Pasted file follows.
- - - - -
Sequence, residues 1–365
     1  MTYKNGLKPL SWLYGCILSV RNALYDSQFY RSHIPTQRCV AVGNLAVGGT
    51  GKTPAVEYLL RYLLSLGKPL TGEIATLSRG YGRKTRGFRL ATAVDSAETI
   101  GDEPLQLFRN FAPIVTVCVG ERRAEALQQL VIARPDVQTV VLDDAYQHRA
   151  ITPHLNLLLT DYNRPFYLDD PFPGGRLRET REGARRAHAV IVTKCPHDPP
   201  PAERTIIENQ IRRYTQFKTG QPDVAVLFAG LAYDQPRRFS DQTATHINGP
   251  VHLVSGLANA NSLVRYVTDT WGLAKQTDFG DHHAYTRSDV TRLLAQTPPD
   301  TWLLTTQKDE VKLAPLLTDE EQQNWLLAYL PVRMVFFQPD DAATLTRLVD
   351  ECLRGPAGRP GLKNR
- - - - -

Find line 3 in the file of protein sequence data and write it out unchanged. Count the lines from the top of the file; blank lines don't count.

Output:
    51  GKTPAVEYLL RYLLSLGKPL TGEIATLSRG YGRKTRGFRL ATAVDSAETI